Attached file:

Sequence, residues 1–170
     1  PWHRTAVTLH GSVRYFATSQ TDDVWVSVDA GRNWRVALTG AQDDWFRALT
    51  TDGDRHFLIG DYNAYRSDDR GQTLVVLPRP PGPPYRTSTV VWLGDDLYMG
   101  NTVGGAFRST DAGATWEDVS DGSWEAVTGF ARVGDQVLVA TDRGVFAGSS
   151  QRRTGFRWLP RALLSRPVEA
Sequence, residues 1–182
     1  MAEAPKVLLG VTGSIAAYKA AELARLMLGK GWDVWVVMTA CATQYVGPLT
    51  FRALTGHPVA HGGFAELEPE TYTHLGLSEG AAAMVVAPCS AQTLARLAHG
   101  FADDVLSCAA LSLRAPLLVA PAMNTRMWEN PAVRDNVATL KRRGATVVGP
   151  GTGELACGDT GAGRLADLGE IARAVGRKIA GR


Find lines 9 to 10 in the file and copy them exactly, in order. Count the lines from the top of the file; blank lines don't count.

   101  FADDVLSCAA LSLRAPLLVA PAMNTRMWEN PAVRDNVATL KRRGATVVGP
   151  GTGELACGDT GAGRLADLGE IARAVGRKIA GR